To gain expertise in a field is to understand and use underlying disciplinary principles. Too often students rely on rote memorization to solve problems rather than apply appropriate principles of physics that governs biological phenomena, that is, use principle-based reasoning. Students who rely on memorization can list the steps of generating an action potential or stomatal opening but cannot reason to a correct prediction when changes are introduced in the system, e.g. when a toxin is applied.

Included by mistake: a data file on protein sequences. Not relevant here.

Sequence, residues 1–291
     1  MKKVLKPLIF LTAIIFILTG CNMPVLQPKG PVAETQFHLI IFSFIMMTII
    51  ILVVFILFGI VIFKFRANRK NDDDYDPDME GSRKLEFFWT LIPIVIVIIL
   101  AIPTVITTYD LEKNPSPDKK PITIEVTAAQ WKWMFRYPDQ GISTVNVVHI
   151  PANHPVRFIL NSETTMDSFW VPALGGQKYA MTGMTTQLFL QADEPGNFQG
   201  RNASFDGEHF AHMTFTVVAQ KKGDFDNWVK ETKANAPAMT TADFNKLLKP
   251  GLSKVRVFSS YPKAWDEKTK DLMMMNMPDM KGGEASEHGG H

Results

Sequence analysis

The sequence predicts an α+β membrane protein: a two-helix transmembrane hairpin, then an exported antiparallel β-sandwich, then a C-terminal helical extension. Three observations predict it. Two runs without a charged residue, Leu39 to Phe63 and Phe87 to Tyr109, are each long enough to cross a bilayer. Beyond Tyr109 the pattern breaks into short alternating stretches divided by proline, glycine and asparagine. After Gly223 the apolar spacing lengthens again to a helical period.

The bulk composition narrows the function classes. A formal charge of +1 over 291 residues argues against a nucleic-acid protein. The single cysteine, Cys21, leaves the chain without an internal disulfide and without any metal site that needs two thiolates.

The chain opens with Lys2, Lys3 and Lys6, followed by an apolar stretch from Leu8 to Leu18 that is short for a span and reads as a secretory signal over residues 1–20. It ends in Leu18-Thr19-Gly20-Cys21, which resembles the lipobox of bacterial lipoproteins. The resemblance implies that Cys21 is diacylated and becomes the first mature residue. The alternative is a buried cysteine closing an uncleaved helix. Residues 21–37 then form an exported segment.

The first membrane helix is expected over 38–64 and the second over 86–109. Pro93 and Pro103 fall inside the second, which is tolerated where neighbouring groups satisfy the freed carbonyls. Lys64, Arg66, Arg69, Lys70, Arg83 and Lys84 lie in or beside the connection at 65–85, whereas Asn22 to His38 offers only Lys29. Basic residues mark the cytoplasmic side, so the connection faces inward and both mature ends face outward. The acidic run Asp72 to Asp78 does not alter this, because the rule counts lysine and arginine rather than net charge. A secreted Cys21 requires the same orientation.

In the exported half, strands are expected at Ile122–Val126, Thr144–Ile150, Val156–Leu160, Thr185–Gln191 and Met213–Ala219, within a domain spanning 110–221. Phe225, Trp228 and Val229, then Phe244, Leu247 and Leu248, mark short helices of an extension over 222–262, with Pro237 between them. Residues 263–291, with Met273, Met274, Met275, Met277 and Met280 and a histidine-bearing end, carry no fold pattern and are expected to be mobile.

In this talk I will present a model of how students develop principle-based reasoning for the important physiological principle of flux (movement of a substance is directly proportional to the size of the gradient and inversely proportional to the resistance). We find students come into college using non-mechanistic reasoning then develop emergent principle-based reasoning where they use components of the principle, but not in an integrated way. Finally, students develop integrated principle-based reasoning.